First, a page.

Twice a Week, You Can Save Lives. How? Plasma.

Amid nationwide plasma shortages, you have the power to help people by stepping up and becoming a donor.

Diagnostics Testing|Sep.14, 2021

The COVID-19 pandemic effectively canceled everything. From weddings to graduations to birthday celebrations to something you probably haven't ever thought about: plasma donations. Plasma is the clear, yellow liquid portion of blood used to create life-changing therapies. And while the thought of donating plasma may have never crossed your mind, for a countless number of patients, plasma donations are their lifeline.

Patients who can benefit from plasma donations include burn injury survivors and hemophiliacs, as well as those with rare and/or chronic conditions, and those with immune deficiency. And with 1,200 plasma donations per year being needed to treat just one patient living with hemophilia, the demand couldn't be higher.

The demand couldn't be higher for people like Steve, a Chicagoland-based husband and father of two who was diagnosed with large follicular B-cell (non-Hodgkin's) lymphoma at just 44.

Now 53 and fighting a recurrence, he underwent an autologous bone marrow transplant.

As Steve puts it, "Things went — and are going — pretty well. But a key reason for that is the plasma I received during the process."

As a result of chemotherapy, Steve became immunocompromised.

"The chemo kills off the bad things, but takes some good things too, including your ability to fight off disease. You are highly at risk for all manner of bacterial and viral infections, which can easily turn in any number of dangerous directions. A fast, by-the-book recovery is the goal," he said. "And that's where the plasma comes in."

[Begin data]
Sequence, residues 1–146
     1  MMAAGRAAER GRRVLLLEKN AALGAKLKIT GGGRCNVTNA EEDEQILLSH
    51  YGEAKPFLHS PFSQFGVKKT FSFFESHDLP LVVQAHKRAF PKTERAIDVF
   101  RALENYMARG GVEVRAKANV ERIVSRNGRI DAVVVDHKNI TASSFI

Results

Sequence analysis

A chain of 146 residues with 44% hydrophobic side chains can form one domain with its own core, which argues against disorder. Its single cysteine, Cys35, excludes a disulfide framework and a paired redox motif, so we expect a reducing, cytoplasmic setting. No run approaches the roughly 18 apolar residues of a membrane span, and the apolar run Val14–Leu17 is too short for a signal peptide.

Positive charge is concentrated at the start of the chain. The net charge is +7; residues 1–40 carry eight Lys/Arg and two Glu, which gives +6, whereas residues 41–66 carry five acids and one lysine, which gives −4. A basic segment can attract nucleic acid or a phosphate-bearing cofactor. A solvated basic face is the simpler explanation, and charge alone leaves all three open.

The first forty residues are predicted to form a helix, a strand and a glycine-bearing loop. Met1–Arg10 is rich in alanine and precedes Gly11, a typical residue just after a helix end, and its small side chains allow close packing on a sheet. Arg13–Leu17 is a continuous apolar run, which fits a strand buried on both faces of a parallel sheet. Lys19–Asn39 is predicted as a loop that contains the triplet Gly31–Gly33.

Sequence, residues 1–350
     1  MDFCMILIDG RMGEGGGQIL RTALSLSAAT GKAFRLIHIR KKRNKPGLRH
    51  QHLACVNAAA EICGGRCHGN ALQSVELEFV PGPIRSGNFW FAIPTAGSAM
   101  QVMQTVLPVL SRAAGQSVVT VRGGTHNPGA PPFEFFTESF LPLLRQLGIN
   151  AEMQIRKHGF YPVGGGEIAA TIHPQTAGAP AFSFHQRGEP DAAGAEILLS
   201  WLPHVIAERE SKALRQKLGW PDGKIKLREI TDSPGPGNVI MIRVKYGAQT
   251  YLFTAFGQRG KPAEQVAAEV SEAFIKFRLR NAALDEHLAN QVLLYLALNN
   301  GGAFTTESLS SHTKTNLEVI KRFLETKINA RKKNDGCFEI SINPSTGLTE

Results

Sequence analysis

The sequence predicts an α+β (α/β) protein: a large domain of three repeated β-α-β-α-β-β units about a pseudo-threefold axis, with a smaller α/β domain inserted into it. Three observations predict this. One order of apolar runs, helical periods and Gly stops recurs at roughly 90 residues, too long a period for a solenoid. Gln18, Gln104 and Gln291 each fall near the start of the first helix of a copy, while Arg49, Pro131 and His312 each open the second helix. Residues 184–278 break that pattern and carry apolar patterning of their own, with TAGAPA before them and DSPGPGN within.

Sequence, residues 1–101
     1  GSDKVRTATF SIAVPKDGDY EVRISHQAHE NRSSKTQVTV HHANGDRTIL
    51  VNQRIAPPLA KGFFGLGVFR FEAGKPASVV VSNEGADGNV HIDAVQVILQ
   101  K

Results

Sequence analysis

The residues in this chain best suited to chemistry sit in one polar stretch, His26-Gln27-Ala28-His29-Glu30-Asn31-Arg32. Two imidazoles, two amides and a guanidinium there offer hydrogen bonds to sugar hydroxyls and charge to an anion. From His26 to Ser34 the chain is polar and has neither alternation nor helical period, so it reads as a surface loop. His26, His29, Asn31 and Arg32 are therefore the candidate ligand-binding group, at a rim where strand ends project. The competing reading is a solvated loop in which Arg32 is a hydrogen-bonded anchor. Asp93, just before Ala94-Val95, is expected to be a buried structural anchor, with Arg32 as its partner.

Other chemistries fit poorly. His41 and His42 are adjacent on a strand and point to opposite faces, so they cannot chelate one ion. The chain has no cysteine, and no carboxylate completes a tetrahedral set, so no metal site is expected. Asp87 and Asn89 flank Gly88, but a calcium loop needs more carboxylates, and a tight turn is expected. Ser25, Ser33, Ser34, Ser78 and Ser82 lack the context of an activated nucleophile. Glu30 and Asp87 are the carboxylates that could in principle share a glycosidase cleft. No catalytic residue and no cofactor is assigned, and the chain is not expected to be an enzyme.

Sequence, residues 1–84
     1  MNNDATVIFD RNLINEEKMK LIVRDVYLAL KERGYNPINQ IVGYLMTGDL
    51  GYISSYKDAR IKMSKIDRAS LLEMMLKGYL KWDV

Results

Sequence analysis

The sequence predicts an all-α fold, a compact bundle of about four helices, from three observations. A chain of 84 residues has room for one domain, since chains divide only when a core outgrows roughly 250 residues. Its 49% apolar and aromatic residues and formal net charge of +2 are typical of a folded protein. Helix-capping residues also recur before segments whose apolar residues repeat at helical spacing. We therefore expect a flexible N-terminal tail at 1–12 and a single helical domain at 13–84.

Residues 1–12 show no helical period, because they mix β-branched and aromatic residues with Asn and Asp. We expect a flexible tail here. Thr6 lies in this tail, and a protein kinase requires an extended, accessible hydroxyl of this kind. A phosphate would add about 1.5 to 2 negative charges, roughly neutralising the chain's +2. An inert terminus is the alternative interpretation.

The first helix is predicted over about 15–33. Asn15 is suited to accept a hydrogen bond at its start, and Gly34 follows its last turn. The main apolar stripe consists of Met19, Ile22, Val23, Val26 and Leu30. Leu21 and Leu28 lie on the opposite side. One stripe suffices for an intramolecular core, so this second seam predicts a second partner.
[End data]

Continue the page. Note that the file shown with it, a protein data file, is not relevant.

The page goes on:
He ultimately received three plasma transfusions in order to ensure that his recovery stayed on track.

It worked.

"I was sent home to continue my recovery two days ahead of the norm. Which may seem like a small thing, but after 17 days inpatient, it was more than welcome. If I don't receive [plasma], at the very least I'm staying in the hospital longer. … If you're one of those angels who goes above and beyond to donate plasma, I owe you one. Three, actually."

Steve used to be a regular donor. Now, as a cancer fighter, he is unable to donate.

"We're all struggling with something. It may not be cancer. But you really don't know what people could be going through." Most importantly, Steve adds: "You don't know who you could be helping."

Someone like Steve.

As you return to daily life and attend to the appointments you've put off for perhaps more than a year, consider adding a plasma donation appointment to your list. Learn more about plasma donation and become a donor by finding a center near you: